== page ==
I. The Light in the Window
A rickety carriage was slowly ascending the hill, and from the place of honour on the back seat, the single passenger surveyed the country with interest and admiration. The driver of that ancient chariot was an awkward young fellow, possibly twenty-five years of age, with sharp knees, large, red hands, high cheek-bones, and abundant hair of a shade verging upon orange. He was not unpleasant to look upon, however, for he had a certain evident honesty, and he was disposed to be friendly to every one.
"Be you comfortable, Miss?" he asked, with apparent solicitude.
"Very comfortable, thank you," was the quiet response. He urged his venerable steeds to a gait of about two miles an hour, then turned sideways.
"Be you goin' to stay long, Miss?"
"All Summer, I think."
The young woman smiled in listless amusement, but Joe took it for conversational encouragement. "City folks is dretful bashful when they's away from home," he said to himself. He clucked again to his unheeding horses, shifted his quid, and was casting about for a new topic when a light broke in upon him.
"I guess, now, that you're Miss Hathaway's niece, what's come to stay in her house while she goes gallivantin' and travellin' in furrin parts, be n't you?"
"I am Miss Hathaway's niece, and I have never been here before. Where does she live?"
He flourished the discarded fish-pole which served as a whip, and pointed out a small white house on the brow of the hill. Reflection brought him the conviction that his remark concerning Miss Hathaway was a social mistake, since his passenger sat very straight, and asked no more questions.
The weary wheels creaked, but the collapse which Miss Thorne momentarily expected was mercifully postponed. Being gifted with imagination, she experienced the emotion of a wreck without bodily harm. As in a photograph, she beheld herself suddenly projected into space, followed by her suit case, felt her new hat wrenched from her head, and saw hopeless gravel stains upon the tailored gown which was the pride of her heart. She thought a sprained ankle would be the inevitable outcome of the fall, but was spared the pain of it, for the inability to realise an actual hurt is the redeeming feature of imagination.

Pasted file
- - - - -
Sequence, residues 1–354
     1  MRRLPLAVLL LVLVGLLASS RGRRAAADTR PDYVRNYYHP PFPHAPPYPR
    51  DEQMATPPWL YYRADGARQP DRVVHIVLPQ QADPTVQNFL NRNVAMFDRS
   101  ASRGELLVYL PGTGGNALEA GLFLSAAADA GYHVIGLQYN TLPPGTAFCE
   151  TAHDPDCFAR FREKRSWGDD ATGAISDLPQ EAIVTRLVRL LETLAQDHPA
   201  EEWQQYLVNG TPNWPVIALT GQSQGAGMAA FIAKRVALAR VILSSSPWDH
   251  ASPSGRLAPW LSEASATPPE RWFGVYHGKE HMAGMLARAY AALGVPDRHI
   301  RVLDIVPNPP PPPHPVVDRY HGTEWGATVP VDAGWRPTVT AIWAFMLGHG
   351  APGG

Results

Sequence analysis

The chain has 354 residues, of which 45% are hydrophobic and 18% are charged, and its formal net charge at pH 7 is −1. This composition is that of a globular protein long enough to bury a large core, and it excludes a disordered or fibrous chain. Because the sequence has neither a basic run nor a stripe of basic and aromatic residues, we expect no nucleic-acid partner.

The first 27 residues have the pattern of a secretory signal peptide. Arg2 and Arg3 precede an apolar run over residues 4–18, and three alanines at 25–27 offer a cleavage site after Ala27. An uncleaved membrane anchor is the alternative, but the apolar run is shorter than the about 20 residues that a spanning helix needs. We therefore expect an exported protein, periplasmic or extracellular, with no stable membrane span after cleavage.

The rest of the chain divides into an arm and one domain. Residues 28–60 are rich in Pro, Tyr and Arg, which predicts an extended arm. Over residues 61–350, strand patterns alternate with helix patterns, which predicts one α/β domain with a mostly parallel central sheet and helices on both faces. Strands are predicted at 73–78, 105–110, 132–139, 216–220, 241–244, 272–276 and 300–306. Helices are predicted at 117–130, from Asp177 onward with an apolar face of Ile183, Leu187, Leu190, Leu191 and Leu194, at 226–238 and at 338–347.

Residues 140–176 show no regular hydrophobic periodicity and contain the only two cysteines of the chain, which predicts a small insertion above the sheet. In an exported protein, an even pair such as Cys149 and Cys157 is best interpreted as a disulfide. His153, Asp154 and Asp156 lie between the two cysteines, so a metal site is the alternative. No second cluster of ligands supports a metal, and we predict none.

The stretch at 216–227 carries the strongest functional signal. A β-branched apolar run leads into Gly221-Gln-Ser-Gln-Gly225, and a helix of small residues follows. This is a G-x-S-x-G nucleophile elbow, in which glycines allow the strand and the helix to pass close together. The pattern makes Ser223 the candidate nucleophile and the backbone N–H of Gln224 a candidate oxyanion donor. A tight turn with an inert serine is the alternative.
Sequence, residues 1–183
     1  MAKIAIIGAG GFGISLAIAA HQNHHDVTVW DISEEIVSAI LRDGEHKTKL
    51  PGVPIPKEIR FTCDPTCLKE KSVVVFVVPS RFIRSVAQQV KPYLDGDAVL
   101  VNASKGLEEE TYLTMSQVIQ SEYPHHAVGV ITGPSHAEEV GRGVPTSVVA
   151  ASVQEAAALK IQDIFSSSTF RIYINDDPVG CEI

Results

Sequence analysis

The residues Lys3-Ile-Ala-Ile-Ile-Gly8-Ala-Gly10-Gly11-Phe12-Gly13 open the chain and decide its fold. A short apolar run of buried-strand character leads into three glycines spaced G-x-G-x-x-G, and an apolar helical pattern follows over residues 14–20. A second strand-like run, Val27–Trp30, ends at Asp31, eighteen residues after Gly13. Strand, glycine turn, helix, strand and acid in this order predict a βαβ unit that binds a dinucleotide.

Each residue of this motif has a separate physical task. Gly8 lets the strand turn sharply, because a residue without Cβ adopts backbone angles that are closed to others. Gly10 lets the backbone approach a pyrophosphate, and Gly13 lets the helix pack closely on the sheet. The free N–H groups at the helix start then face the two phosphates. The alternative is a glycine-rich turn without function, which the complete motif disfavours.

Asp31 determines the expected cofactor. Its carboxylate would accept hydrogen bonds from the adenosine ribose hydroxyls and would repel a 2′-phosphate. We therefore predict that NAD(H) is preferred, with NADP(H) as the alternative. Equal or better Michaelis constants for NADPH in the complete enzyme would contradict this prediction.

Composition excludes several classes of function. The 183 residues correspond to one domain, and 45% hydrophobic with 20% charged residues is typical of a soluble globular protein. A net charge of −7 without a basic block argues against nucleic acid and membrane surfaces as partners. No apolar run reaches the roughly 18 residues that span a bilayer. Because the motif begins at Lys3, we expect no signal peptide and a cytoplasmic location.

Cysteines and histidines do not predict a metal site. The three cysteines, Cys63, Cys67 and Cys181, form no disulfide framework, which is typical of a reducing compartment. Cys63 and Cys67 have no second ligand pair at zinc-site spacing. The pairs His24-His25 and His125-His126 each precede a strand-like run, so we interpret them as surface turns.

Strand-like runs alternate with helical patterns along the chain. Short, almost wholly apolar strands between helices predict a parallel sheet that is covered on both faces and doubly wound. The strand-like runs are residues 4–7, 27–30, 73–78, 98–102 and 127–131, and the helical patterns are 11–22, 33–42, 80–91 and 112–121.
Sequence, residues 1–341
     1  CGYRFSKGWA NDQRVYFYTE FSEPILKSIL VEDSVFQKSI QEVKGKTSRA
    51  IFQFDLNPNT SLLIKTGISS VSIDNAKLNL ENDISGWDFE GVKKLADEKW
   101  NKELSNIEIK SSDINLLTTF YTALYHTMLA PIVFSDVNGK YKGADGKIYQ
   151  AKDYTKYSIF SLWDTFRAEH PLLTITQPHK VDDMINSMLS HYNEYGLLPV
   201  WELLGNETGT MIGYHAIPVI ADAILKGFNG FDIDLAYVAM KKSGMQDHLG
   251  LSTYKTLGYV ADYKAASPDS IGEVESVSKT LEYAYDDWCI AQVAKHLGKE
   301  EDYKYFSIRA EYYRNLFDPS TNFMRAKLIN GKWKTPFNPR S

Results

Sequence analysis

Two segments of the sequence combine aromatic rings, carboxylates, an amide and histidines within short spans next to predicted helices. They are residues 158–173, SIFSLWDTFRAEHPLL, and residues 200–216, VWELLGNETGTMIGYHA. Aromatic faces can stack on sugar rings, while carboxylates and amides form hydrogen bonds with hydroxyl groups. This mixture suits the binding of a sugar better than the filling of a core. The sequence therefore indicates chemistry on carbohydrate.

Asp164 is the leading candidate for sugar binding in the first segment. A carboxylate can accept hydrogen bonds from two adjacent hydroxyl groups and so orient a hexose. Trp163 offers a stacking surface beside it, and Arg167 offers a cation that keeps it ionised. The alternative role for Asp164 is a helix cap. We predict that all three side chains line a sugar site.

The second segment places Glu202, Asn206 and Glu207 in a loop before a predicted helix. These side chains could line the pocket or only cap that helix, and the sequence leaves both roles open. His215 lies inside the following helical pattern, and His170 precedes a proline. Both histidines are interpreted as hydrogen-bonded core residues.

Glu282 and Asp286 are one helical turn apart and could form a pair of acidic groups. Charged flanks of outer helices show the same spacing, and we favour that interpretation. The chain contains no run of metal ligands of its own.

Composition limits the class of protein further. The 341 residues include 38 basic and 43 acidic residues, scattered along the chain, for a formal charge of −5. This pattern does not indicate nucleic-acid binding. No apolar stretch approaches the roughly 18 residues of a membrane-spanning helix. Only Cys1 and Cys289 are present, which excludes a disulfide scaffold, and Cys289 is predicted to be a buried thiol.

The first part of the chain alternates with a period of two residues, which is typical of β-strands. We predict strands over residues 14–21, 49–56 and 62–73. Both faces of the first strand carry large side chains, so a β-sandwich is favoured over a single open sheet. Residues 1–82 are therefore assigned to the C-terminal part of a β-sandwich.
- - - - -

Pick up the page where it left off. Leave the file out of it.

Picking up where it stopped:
Suddenly there was a snort of terror from one of the horses, and the carriage stopped abruptly. Ruth clutched her suit case and umbrella, instantly prepared for the worst; but Joe reassured her.
"Now don't you go and get skeered, Miss," he said, kindly; "'taint nothin' in the world but a rabbit. Mamie can't never get used to rabbits, someways." He indicated one of the horses—a high, raw-boned animal, sketched on a generous plan, whose ribs and joints protruded, and whose rough white coat had been weather-worn to grey.
"Hush now, Mamie," he said; "'taint nothin'."
"Mamie" looked around inquiringly, with one ear erect and the other at an angle. A cataract partially concealed one eye, but in the other was a world of wickedness and knowledge, modified by a certain lady-like reserve....